If you want to talk about Pacific Rim in the context of “all movies”, then it’s got some problems. But who wants to compare this movie to Citizen Kane? It’s a giant monster movie; it’s not asking us to consider its political beliefs. More to the point, it’s a giant monster movie, made with an enormous budget, by a man who loves giant monster movies, and it’s a demonstration that Guillermo Del Toro can set aside his tastes and obsessions and just make a straight-up piece of popcorn brilliance.
I suppose, if I’m going to be a fair-minded critic, I should state there are a few problems here and that I largely agree with FilmDrunk’s review in a few respects. The human characters never get particularly complex, even with “The Drift” existing largely to try and give this movie a semblance of a plot beyond “Giant robots hit giant monsters really, really hard.” It’s not a stupid movie, and it never assumes (or worse, demands) the audience to be stupid, understanding that a world that feels real and sensible is more immersive, to its credit. But the humans are not the reason we’re here, and the script can’t quite make them into the reason why.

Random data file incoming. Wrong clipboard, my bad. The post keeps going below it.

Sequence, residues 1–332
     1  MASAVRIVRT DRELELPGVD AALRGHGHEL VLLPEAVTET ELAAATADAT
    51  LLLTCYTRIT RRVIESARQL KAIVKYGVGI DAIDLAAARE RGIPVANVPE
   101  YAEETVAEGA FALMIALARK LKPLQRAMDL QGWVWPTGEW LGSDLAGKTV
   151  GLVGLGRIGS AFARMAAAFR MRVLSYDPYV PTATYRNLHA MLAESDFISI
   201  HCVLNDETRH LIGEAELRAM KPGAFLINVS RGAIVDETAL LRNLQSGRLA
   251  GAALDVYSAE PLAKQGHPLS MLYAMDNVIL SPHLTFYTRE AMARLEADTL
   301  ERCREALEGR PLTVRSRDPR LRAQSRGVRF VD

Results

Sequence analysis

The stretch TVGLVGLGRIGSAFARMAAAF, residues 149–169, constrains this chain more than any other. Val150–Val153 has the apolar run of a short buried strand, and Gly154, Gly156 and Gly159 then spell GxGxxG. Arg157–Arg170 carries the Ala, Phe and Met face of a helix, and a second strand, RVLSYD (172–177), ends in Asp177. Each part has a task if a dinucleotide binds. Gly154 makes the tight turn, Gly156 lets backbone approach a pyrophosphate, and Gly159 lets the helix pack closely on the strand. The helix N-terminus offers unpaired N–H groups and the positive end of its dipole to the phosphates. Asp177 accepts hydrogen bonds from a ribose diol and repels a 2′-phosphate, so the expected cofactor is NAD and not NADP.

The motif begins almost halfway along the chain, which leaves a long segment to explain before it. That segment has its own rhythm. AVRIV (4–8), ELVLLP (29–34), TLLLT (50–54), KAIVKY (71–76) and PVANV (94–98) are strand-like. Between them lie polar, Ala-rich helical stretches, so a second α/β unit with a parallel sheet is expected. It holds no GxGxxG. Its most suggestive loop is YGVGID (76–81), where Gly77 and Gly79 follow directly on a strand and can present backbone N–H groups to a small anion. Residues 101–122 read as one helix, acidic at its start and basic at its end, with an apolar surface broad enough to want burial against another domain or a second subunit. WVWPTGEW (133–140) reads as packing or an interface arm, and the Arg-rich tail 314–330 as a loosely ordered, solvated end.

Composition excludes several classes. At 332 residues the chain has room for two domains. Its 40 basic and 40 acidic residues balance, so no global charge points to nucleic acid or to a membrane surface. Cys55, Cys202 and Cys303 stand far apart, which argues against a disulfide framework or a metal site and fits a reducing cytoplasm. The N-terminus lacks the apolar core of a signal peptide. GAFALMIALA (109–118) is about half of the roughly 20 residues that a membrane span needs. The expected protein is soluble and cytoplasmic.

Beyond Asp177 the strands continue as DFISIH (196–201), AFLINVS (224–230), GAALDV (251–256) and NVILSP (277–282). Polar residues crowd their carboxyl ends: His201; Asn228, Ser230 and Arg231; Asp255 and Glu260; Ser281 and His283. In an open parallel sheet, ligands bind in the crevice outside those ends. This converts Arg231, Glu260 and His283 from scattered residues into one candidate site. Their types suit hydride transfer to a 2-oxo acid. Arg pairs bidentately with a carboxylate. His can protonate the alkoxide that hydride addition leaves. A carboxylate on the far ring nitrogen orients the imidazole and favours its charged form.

This movie is owned largely by Charlie Day, Ron Perlman and Idris Elba because they’re the actors that can do the most with the material they’re given. The rest of the cast just can’t elevate what are fairly standard characters and plot twists. The movie deserves points for making an effort, at least, but it feels like it’s doing homework during some stretches. It’s not as excruciating as, well, almost every other kaiju film in this respect, but that’s a back-handed compliment.
That said… So what? This isn’t a movie we see for the character drama, and the action scenes are so lovingly crafted and thought-out that these are ultimately minor concerns. The real question here is “Am I going to have an incredible amount of fun in this movie?” and the answer is “Dear God, yes.”
For me, part of the pleasure is seeing Guillermo Del Toro finally take a step back from the clockwork/storybook shtick that was at risk of overwhelming his work. Hellboy II, his previous film, was Batman Returns-grade “filmmaker stuffing his obsessions into a licensed property” to the point where it actively interfered with the movie. None of that is here. Oh, there’s a gadget obsession: It’s a movie about giant robots, after all. But it’s toned down quite a bit, and that’s a relief. One Tim Burton is enough.
Really, this movie is one lengthy city-smashing, kaiju-punching spectacle, all of it done with a large budget and an artist’s eye. Del Toro has always been an excellent filmmaker, capable of taking even a terrible script and making it into something great (think Blade II), and here you can feel him really get into it. There are action scenes in this movie that sing, a filmmaker taking something that’s always had potential and bringing that potential, finally, to the screen.
Pacific Rim is not a great movie, in the sense that it will be analyzed by critics for eternity. It is a great movie in the sense that you will enjoy the hell out of it. And really, that’s all we can ask.